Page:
“I mean, IF() I’m paying top dollar, I want a little production VALUE()”

I bet you thought I was out of movie quotes for IF(VALUES()) didn’t you!  If I had a fake ID, my name would be “McPivot.”

### Bag of Tricks

OK, once you have a reasonable level of comfort with the workings of IF(VALUES()), whether that comfort is “I understand it” or even just “I can make it give me the right results,” you are in for some treats.  There are a number of ways to use IF(VALUES()) to produce different desired effects.  I’m going to blast through a few of them here real quick.

Note:  If you have not read the previous post, you should do so before reading this one.

### Returning BLANK() for Subtotals and Grand Totals

Sometimes you end up with a measure that simply doesn’t make sense unless you are in the context of a single item.  Returning to the football project, let’s say I write a measure that for “Personal Best Single Game Rushing Yards,” which, for a given football player, returns their personal best single-game total over all time:

Cool huh?  (My data ends before Adrian Peterson broke Jamal Lewis’ record).  By the way, the formula for that measure is:

=MAXX(ALL(DimProschedule[GameDate]),[Rushing Yards])

(To understand how that measure works, I refer you to one of my personal favorite posts, the Five-Point-Palm, Exploding Function Technique.)

Now, if you put another field on the pivot, you have a decision to make:  do you want that measure to be evaluated at levels other than a single player?  How about for an entire team?  Or all players of a given position?  You may decide that doesn’t make sense, and prefer that the measure NEVER return a value in those cases.

Good thing we have IF(VALUES()).  We can create another measure based on the existing measure:

=IF(COUNTROWS(VALUES( CleanPlayers[PlayerID] ))=1,
[Best Single Gm Rush Yds], BLANK())

Notice how the original measure does not reflect the best player total?  In the week that Lewis ran for 295, apparently the Ravens had other players run for a total of 39 additional yards.  Depending on the semantics desired, you could argue that the Ravens’ number should be 295, for best single player performance in a game.

Or you can just return blank and forget about it, as my second measure does.

### Returning different measures for different cases (aka “Branching”)

If we look at the picture above, you may say “hey it’s not fair to compare QB’s against RB’s in rushing yards, shouldn’t each position be measured by its primary metric – pass yards for QB, rush yards for RB, and receiving yards for WR’s and TE’s?”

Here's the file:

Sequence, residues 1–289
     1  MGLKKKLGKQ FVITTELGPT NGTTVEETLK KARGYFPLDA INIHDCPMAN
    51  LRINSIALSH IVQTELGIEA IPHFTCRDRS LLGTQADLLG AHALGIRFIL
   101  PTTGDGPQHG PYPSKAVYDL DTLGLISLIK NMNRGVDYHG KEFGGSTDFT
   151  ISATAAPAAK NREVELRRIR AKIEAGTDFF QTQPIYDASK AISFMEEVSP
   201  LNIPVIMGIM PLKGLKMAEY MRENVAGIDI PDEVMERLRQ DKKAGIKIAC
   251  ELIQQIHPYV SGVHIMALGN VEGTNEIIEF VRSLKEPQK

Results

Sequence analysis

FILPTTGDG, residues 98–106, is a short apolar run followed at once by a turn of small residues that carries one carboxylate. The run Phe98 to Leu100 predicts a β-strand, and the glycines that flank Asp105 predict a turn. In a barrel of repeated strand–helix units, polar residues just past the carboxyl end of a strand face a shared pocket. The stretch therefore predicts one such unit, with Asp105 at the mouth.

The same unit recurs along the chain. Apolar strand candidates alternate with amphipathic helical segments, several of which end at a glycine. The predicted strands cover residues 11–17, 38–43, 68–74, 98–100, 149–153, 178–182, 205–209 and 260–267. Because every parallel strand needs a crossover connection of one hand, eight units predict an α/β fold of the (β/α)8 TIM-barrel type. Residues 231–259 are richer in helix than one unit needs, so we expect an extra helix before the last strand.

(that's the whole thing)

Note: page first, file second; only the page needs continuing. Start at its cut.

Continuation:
Yeah, let’s do that.  First let’s create similar “best game ever” measures for the other two kinds of yardage – passing (throwing) and receiving (catching).  (Rushing is running, btw).

OK, cool, so we have all three measures, but it results in a scraggly pivot.  I want a single column of numbers, and for the number to reflect the position (primary role) of the particular player.

IF(VALUES()) to the rescue.  A new measure that “branches” into the right measure for each position:

=IF(COUNTROWS(VALUES( CleanPlayers[PlayerID] ))=1,
IF(VALUES(CleanPlayers[PositionCode])="QB", [Best Single Game Pass Yards],
IF(VALUES(CleanPlayers[PositionCode])="RB", [Best Single Game Rush Yards],
IF(VALUES(CleanPlayers[PositionCode])="WR", [Best Single Game Rec Yards],
IF(VALUES(CleanPlayers[PositionCode])="TE", [Best Single Game Rec Yards],
BLANK())
))),
BLANK()
)

Cool, huh?  A few things to note:

1. IF(VALUES()) is used to check the value of [PositionCode], but [PositionCode] isn’t even on the pivot!  This works because each PlayerID does correspond, in the CleanPlayers table, to a single position code, because each PlayerID is unique.
2. That said, it IS hard to tell which player is which position, especially for the 49ers, who had awful teams during the years for which I have data.  So I’ll add Position to the pivot below.
3. I’m pretty sure that Johnnie Morton had his 153 yard receiving day when he played for the Lions, not the 49ers, but solving that problem is best saved for another day.

Here’s the pivot with position added in for clarity:

(I decided to screenshot the Bears section rather than 49ers because the Bears had better players in those years.)

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#### Rob Collie

One of the founding engineers behind Power Pivot during his 14-year career at Microsoft, and creator of the world’s first cloud Power Pivot service, Rob is one of the foremost authorities on self-service business intelligence and next-generation spreadsheet technology.

## This Post Has 2 Comments

1. Claire says:

I actually saw McLovin himself in Brooklyn this Saturday. Almost died. Wanted to ask for his autograph but couldn’t remember his real name. Branching seems very useful–looking forward to testing it!

2. Kisim says:

I have big data set of sales table and also I have so call dimension tabel. In my dimension table, waht I have is column1categoryName column2 coditionRate column3 conditionRateType. In column3 conditionRateType I got % and \$ sign and in the column2 conditionRate “Percentage value for % and absulate value for \$”.Now I want to calculate the commission based on my conditionRateType like if my conditionRateType is =% then calculate sales * conditionRate otherwise show me absulate value. When I use if function to solve this problem it is throwing me error message. Appreciate your help to solve this problem.